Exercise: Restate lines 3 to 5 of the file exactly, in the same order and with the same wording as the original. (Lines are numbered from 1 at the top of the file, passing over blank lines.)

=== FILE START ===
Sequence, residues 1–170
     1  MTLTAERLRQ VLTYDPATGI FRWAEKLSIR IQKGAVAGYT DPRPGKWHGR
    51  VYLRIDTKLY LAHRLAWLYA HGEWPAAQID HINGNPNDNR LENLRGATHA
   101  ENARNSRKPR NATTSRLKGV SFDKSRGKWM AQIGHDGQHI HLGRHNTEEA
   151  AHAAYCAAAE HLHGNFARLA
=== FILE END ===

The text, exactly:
    51  VYLRIDTKLY LAHRLAWLYA HGEWPAAQID HINGNPNDNR LENLRGATHA
   101  ENARNSRKPR NATTSRLKGV SFDKSRGKWM AQIGHDGQHI HLGRHNTEEA
   151  AHAAYCAAAE HLHGNFARLA